This story is in the U.K. version of the Huffington Post. The article, Law Firm Faces Legal Action Over Handling Of MMR Vaccine Case, brings the question of MMR litigation back up, but in a different way. First, the families are claiming that encephalitis, not autism, was the claimed injury. Second, they are suing the law firm that handled the case, not the vaccine manufacturers.
Three families who claim their children suffered a potentially fatal illness from the mumps, measles and rubella (MMR) vaccine are suing a law firm they say grouped them with a now discredited case over a link between the jab and autism.
A case was brought against the manufacturers of the MMR jab – Smithkline Beecham, Smith Kline & French Laboratories and Sanofi Pasteur MDF – in 2007, over claims that the jab caused autism in children. However three families who say the vaccine caused encephalitis in their children, not autism, believe they were unable to claim compensation because of the way the case was dealt with.
Note that the Huffington Post has the dates wrong in the section quoted above. The case was brought in the late 1990’s and abandoned in 2003 when lack of evidence resulted in a loss of public funds to support the investigation further.
The BMJ also covers the story, noting that in 2002 the then chairman of the UK’s Committee on Safety of Medicines, Alasdair Breckenridge, said: “There is sound evidence that mumps vaccine containing the Urabe stran of virus is associated with a risk of meningitis and [has} no proven additional benefits. The risk to children of a potentially serious neurological complication makes its use unacceptable.”
Since the focus here at Left Brain/Right Brain is primarily autism, and the Wakefield case has been discussed (and discussed, and discussed), I expect that most readers know the basic story. But, indulge me for a moment while I give a short history.
Back in the mid-1990’s, some families believed that MMR caused their child’s autism. They sought both legal and medical expertise to pursue their case. The legal end was led by Richard Barr of the firm Alexander Harris. For medical expertise, they (parents and leagal team) approached Andrew Wakefield, a research gastroenterologist who had just recently implicated the measles vaccine in Crohn’s disease.
After Mr. Wakefield and his team published their first paper in The Lancet in 1998 (a paper since retracted), he became even better known for his views on MMR. Sometime after this, attorney Richard Barr was contacted by a public health insider with concerns about the MMR. Mr. Barr and Mr. Wakefield met with this “whistleblower” in secret.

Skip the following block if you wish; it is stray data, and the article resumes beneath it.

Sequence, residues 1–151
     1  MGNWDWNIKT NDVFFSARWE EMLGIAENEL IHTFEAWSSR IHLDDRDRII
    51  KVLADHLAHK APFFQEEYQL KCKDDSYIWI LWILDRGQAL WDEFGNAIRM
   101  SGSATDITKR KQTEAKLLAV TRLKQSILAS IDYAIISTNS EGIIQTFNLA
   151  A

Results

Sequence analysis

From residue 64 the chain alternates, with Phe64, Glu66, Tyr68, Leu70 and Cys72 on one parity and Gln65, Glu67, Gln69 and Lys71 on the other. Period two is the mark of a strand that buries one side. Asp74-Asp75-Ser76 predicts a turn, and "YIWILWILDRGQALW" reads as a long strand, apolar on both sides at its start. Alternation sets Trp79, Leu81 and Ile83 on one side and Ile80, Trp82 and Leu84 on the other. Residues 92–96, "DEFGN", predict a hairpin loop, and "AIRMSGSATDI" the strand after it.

The thing is, the concern was about encephalitis from the mumps component. Not autism from the measles component, as was Mr. Wakefield’s hypothesis.
The meeting between Mr. Wakefield and this gentleman became known only recently, 1998, while Mr. Wakefield faced charges before the General Medical Council. Mr. Wakefield released details of his story and threatened to disclose the name of the “whistleblower”. Mr. Wakefield later followed through on this threat.
This raises very important questions. Most notably, why didn’t the legal and scientific team working on MMR litigation follow up on the mumps/encephalitis question? The idea was known to Mr. Wakefield and Mr. Barr. The MMR litigation went forward with the theory that the measles component was causing autism, and failed.
And now some parents consider these events to be a strong enough case to sue a law firm handling their case: Alexander Harris.
The families claim the MMR vaccine brought neurological injury and are suing the law firm that brought the original litigation against the vaccine’s manufacturer.
As part of the group autism case, the families claim they were deprived of the compensation likely to come from bringing individual actions.
Mr. Wakefield’s discussion of his meeting with the “whistleblower”, together with commentary from Brian Deer, is in the video below:
While Mr. Deer focuses on how Mr. Wakefield is treating the “whistleblower”, another big question is left open by this discussion: did Mr. Wakefield act on the information he was given? Did the attorneys? The secret meeting in the train station makes a rather dramatic story, but it doesn’t really reflect well on Mr. Wakefield.